The Slower China

By Jillian Smith

I am writing this in the soft drizzle of the Chengdu evening rain. The rain in Shanghai is hard and fast, just like the pace of life in that city. Chengdu rain is gentle, dampened by the greenery that grows up along the sides of all the buildings here.

It was a long 15-hour train ride to Chengdu, and I have come to find that there is no way to accurately understand China by simply remaining in one place. Shanghai is for the hard working, money making materialist. Food is made to be eaten on the go because there is no time to sit down. Coffee is preferred to tea because it gives a bigger buzz.

In Chengdu, old men sit on stools on the sides of the road, playing mahjong. Buildings still retain some elements of an older time and everyone is willing to stop and explain directions to me.

One is not better than the other per se, but it is nice to be in a China that is slower and calmer for a change. I am sitting near the window of the dimly lit hostel lobby. The breeze lets in the electrifying smell of a new and foreign place. It causes the red paper lanterns and brightly colored Tibetan religious ornaments to sway back and forth from the ceiling, seemingly in time to the peals of clarinet and swanky notes of Ella Fitzgerald’s voice being played through an old time phonograph.

Near me, a group of Australian students pick at a guitar, planning their next adventure to some little known mountain town. Across the way, a German couple feeds their two little girls. I am talking with two British women who have temporarily left their self-owned catering business to tour as much of Asia as possible. A boy from Holland with a man bun tells us that he is on a mission to build, own and operate the best bar on the continent.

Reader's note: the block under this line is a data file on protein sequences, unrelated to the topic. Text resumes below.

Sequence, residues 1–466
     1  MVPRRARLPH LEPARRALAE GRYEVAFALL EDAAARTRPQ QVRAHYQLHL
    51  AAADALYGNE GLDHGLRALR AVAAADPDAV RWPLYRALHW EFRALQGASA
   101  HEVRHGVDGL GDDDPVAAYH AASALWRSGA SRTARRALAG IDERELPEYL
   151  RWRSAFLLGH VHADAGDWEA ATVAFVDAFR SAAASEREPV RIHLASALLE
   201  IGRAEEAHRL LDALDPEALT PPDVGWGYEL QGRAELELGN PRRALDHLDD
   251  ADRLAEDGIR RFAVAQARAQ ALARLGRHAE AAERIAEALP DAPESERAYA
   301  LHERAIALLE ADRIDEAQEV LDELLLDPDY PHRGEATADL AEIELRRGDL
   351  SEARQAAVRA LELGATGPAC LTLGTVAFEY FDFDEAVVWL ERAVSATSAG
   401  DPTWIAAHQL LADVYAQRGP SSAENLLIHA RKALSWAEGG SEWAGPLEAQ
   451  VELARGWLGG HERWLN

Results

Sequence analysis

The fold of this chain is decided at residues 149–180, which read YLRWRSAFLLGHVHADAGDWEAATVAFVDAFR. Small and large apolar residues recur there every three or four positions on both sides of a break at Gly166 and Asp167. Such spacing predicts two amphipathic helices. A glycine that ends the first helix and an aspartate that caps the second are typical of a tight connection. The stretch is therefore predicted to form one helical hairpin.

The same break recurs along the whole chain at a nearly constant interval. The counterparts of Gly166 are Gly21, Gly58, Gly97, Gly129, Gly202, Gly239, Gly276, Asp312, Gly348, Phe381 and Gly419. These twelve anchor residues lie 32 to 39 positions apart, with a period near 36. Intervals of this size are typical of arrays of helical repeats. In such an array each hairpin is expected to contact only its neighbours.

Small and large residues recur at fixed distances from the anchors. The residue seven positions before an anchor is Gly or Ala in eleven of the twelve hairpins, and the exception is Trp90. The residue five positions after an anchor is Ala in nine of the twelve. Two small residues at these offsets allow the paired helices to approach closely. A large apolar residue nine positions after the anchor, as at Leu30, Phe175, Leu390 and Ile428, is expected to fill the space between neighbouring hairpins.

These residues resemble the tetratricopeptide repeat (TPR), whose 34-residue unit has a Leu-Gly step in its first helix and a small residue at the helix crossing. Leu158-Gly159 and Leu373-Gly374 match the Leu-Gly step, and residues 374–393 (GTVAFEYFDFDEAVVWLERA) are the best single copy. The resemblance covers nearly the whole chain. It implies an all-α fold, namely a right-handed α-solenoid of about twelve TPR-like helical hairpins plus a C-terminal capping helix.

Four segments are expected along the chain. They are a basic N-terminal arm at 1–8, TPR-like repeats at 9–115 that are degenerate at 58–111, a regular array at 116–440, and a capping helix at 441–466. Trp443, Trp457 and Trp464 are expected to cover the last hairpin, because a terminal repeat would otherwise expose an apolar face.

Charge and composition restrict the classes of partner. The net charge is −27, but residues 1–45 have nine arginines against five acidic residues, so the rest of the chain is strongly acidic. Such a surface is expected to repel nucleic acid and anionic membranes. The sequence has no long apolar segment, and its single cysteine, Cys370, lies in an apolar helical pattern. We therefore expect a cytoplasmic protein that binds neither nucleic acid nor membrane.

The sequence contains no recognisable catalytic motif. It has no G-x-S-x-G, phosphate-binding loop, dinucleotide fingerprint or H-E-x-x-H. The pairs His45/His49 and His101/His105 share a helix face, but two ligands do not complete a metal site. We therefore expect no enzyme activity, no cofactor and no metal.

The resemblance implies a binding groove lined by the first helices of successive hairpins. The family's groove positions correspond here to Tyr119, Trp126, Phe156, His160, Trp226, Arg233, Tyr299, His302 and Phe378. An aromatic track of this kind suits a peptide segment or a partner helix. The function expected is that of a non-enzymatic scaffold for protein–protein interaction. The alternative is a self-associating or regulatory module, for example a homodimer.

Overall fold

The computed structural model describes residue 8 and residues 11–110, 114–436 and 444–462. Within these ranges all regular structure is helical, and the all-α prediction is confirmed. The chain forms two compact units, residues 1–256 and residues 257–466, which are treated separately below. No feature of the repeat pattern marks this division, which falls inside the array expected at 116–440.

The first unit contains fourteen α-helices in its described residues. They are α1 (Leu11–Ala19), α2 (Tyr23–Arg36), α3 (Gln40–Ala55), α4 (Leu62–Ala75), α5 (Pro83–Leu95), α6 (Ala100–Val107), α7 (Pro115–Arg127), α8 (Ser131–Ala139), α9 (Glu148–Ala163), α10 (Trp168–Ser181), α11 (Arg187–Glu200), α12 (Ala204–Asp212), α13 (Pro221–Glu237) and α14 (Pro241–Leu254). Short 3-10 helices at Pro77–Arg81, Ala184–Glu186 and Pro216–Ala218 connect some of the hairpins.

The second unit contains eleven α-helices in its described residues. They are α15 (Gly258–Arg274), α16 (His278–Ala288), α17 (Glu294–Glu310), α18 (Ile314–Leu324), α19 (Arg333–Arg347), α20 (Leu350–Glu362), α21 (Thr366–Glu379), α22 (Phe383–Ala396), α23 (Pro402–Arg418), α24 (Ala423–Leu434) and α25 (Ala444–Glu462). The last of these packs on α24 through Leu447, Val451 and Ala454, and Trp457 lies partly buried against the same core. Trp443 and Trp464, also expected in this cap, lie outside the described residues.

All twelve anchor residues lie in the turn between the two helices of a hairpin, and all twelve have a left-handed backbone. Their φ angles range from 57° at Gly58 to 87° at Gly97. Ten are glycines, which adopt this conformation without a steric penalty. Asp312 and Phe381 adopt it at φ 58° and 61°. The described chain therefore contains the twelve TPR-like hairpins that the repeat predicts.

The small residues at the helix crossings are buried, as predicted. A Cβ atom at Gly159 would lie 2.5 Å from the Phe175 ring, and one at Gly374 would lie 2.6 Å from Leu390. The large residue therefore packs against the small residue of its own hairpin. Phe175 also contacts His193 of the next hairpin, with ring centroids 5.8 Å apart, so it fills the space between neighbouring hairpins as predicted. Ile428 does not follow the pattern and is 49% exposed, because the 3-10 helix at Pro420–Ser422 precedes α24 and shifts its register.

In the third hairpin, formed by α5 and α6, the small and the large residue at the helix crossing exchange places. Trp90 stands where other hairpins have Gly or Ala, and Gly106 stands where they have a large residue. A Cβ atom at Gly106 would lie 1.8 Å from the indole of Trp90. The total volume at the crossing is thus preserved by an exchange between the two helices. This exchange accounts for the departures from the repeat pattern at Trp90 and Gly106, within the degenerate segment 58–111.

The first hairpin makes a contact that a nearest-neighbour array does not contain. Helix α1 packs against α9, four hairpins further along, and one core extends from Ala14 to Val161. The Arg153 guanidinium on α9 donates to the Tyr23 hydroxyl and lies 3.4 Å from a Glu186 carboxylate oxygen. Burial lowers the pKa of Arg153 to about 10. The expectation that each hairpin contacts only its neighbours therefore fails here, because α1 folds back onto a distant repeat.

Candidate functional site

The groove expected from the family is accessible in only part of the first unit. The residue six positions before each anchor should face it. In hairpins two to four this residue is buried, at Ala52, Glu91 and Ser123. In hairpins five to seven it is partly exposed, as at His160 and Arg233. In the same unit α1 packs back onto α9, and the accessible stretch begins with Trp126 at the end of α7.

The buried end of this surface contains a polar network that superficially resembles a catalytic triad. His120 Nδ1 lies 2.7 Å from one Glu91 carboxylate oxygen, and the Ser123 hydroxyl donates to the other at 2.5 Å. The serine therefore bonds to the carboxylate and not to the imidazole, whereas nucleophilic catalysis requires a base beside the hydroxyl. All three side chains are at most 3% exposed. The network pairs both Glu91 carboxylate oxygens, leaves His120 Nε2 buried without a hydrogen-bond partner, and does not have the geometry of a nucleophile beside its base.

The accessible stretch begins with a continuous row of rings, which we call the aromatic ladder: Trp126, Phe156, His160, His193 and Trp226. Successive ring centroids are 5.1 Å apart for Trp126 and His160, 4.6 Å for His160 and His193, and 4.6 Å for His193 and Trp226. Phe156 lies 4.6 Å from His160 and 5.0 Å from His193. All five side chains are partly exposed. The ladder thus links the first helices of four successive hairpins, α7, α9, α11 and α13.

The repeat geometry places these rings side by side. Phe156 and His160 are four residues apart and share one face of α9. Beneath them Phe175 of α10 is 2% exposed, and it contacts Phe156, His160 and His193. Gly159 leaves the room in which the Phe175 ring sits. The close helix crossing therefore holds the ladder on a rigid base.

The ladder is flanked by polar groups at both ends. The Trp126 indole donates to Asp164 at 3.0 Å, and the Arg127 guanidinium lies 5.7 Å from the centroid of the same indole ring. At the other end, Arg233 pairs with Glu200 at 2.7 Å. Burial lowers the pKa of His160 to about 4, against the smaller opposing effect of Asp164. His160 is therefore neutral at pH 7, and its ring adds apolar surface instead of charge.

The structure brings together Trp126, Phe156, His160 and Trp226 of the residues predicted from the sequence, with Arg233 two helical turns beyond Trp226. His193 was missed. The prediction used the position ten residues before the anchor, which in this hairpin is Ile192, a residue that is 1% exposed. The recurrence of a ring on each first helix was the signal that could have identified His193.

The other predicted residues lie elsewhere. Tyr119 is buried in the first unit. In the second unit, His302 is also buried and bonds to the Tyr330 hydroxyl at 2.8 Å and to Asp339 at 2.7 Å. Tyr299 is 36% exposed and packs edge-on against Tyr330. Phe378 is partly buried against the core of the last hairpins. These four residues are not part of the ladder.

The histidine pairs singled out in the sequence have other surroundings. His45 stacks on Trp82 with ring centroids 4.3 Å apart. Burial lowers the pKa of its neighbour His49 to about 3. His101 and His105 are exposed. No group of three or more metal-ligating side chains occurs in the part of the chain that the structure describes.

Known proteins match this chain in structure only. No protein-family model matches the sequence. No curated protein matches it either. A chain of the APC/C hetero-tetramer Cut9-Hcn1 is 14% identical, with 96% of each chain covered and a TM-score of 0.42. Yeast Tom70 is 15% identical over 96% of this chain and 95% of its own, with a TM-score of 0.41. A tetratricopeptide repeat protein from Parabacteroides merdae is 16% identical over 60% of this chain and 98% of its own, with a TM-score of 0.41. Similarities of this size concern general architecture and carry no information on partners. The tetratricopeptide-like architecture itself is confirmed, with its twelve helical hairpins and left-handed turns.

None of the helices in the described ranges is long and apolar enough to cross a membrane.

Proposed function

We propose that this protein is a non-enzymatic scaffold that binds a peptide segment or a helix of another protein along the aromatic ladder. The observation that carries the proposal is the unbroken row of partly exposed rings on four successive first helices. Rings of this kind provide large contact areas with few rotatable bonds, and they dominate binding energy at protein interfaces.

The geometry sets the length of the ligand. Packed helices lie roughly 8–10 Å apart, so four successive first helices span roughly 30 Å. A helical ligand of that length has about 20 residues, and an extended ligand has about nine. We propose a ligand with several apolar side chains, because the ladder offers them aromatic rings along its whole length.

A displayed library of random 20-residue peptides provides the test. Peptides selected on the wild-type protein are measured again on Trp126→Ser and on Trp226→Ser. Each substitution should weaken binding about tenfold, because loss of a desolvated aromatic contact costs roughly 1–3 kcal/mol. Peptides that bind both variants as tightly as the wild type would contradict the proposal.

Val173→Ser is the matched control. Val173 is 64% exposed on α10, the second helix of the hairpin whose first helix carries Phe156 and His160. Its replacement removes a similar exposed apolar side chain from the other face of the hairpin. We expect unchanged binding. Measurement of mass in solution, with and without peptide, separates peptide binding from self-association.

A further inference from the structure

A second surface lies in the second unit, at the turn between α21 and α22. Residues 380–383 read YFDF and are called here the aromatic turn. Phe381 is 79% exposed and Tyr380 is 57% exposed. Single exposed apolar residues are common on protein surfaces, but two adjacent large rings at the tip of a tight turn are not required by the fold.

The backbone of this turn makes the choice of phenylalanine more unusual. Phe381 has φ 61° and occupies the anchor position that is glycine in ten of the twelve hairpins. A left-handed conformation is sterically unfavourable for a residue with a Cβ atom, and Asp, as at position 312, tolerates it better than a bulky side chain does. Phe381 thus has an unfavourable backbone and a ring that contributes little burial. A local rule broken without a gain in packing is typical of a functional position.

I show them pictures from our day earlier. We had traveled to Qingcheng, a sacred Daoist mountain. The pictures show a China that is lush and green, with impossibly tall and straight trees and a thick carpeting of moss. Brightly robed priests offer incense and fruits to carvings of Lao Tzu. Grey mist softens the stark black silhouettes of temples carved into the sheer faces of towering mountainsides. An impossibly old pilgrim was making a religious journey up the mountain. A massive pack was strapped to his small and wiry back and his knees shook under its weight.  Each step looked as though it could have finished him, and yet he carried on, unhindered by the tourists around him.

I am interrupted by my friend’s call to get dinner. We are starving, she says, and so we plan to just walk the street until we smell something good. Luckily, that does not take long. I order a dish that looks healthy enough. We sit down at the little plastic stools in the open air restaurant. I am floored by my meal. Long, fresh doughy noodles cooked in a mildly spicy beef broth with cilantro, chickpeas, Chinese cabbage and garlic are steamed in as well. The scent of it was enough to bring me joy, one bite and I was nearly in tears.

As I slurp my noodles happily, I am hit with an appreciation for this new and slower pace of life. The fastness of Shanghai is not a bad thing; each day I am there is one of energy, change and excitement, but sometimes in China and as well as, I think life in general, depth, richness and deliciousness is vastly revealed the moment things slow down.